The world of transport infrastructure has inevitably often seen discussions and disputes arise on the subject of boundaries and responsibilities. It is key to good asset management to understand the interfaces between one highways authority and other parties, and developing such understanding helps to ensure engineering responsibility is correctly assigned.
By contrast, in situations where interfaces are not well-defined, otherwise avoidable risks can occur, together with extended negotiations, extra costs, and possible ‘gaps’ in maintenance responsibilities.
Of National Highways’ more than 23,000 structural assets, almost 9,000 are bridges. This means that various boundaries exist across a range of different types of structures. There can often be a lack of clarity, for instance, as to who owns retaining walls, with the situation at overbridges and under bridges also sometimes being less than clear.
How has this potentially invaluable guidance come about?
As reported by the Chartered Institution of Highways & Transportation (CIHT), work has recently been carried out by National Highways alongside the Association of Directors of Environment, Economy, Planning & Transport (ADEPT) National Bridges Group (NBG), under the Department for Transport (DfT)’s auspices.
The aim of this work has been to put together guidance that sets out a framework for asset management decisions at structural boundaries.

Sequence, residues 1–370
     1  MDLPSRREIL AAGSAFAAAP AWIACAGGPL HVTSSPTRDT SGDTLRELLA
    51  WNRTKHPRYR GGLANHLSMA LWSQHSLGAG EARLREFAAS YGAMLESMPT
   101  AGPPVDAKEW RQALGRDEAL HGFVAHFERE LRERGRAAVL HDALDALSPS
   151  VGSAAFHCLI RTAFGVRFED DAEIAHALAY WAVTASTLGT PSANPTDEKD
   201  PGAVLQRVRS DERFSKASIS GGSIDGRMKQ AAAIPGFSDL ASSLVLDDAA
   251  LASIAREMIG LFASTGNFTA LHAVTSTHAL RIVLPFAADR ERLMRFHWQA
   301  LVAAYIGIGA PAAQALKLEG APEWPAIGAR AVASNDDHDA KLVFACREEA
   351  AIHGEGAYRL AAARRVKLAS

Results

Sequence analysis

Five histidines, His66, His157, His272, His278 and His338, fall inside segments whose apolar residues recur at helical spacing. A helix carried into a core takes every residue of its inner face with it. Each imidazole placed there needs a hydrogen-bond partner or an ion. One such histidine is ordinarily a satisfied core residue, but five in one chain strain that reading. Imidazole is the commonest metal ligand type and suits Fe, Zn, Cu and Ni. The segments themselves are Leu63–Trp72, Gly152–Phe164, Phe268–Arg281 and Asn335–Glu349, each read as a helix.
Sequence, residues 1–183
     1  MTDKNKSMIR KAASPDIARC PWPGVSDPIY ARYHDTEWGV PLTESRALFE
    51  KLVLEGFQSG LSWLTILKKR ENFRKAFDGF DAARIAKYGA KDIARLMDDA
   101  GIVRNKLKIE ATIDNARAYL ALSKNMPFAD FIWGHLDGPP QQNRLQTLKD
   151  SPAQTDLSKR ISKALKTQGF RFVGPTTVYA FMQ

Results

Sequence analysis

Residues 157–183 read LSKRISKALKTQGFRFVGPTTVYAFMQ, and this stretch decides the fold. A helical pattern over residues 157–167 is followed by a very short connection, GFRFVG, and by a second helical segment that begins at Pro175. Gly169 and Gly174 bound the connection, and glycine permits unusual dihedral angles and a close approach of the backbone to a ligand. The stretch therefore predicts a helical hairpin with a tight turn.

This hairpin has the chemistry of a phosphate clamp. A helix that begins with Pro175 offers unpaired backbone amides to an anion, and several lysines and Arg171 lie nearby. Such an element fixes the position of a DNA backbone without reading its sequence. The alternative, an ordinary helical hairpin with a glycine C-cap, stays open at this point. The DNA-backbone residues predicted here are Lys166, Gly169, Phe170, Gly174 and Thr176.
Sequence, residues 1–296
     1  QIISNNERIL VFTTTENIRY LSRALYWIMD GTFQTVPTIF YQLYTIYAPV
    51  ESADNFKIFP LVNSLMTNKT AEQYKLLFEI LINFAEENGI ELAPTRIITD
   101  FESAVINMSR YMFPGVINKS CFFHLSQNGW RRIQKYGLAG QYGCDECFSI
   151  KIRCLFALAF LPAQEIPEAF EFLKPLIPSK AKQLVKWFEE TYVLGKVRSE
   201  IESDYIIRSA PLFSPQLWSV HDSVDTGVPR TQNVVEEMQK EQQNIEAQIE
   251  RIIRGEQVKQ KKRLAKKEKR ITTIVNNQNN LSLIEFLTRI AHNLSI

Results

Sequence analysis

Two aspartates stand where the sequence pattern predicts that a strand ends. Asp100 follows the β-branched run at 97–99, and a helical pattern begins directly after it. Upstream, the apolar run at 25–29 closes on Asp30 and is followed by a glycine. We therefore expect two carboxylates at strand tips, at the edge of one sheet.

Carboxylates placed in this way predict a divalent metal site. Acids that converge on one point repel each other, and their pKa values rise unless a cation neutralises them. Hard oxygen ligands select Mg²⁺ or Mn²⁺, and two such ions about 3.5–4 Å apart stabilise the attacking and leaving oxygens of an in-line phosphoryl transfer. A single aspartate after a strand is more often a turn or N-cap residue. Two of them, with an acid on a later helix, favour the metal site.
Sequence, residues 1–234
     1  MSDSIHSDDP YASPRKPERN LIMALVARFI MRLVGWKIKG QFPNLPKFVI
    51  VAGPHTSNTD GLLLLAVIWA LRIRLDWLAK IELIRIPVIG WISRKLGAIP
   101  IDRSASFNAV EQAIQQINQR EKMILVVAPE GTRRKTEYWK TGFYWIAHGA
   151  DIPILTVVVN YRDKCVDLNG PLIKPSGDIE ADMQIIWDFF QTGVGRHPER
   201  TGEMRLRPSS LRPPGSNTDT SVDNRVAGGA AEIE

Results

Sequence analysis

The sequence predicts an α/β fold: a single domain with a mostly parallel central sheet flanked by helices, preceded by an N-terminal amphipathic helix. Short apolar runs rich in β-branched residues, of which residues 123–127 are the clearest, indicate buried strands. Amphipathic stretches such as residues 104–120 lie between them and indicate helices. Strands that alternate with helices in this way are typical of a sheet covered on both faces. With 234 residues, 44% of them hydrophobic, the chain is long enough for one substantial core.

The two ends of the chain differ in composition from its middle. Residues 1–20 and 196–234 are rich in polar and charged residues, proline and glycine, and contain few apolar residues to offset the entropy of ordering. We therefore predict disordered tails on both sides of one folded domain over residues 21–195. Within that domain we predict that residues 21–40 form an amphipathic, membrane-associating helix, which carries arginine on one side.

The resultant guidance document is entitled Definition of Asset Management Responsibilities: Bridges and Structures, and outlines typical issues and scenarios, in addition to providing clear recommendations for operational actions. The document also differentiates between existing structures and new ones.
What principles have been adopted for this guidance?
Although the new guidance document – which is available to view on the CIHT website – is not a code of practice or a standard, and cannot be counted on to resolve every possible boundary issue, it does nonetheless provide an important framework for agreement.
To this end, it works on the basis of certain crucial principles – including that of ensuring safety, establishing physical demarcation locations, setting technical responsibility, and assigning financial accountability. The guidance document also shows that work has been done to achieve consistency of approach between National Highways and the ADEPT NBG.
The framework for agreement that has been set out by the guidance brings financial implications for all parties, and makes clear the importance of respecting any prior written agreements.
Detailed appendices are provided with the guidance, setting out scenarios to explain what the guidance would mean in practice with regard to both new and existing structures. There is a particular emphasis on outlining the responsibilities at overbridges.
A milestone development for the boundaries of transport infrastructure
With this new document being in the joint ownership of DfT, the UK Roads Leadership Group (UKRLG), ADEPT NBG and National Highways, it certainly represents a major step forward on this persistent and often difficult issue.
The guidance document should help to ensure safety factors are given the paramount emphasis that they should be given, at the same time as outlining a vital framework for asset management practices for structures.
Do you have concerns or queries in relation to your next transport infrastructure project? If so, please do not hesitate to make Transport Planning Associates (TPA) your chosen consultancy, contacting us at our office nearest to you.